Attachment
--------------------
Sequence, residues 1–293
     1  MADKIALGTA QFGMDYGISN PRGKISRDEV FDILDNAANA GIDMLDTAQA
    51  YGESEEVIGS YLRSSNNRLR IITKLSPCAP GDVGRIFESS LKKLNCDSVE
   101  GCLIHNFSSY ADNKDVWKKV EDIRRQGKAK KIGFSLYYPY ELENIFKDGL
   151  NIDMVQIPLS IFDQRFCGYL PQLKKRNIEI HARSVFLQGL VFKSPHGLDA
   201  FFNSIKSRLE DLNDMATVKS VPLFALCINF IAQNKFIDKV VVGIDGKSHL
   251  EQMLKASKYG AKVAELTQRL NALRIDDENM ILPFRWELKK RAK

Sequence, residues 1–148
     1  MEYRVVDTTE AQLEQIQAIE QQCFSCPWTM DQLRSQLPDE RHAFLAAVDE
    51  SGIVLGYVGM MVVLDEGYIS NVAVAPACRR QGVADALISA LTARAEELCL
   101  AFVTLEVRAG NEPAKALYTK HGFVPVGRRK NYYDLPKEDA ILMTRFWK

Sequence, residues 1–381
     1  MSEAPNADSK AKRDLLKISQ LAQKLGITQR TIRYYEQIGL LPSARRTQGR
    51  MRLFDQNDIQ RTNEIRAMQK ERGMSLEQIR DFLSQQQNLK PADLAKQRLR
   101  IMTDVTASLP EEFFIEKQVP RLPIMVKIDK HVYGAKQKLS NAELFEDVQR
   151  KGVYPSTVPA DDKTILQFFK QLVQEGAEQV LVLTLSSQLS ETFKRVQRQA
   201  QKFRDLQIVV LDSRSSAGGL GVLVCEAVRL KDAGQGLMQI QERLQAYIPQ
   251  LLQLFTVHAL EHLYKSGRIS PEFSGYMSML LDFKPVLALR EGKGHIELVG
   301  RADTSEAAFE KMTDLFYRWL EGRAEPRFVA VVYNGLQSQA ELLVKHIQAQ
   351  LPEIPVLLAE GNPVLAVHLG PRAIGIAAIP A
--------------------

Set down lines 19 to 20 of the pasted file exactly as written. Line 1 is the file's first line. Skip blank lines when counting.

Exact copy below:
   301  RADTSEAAFE KMTDLFYRWL EGRAEPRFVA VVYNGLQSQA ELLVKHIQAQ
   351  LPEIPVLLAE GNPVLAVHLG PRAIGIAAIP A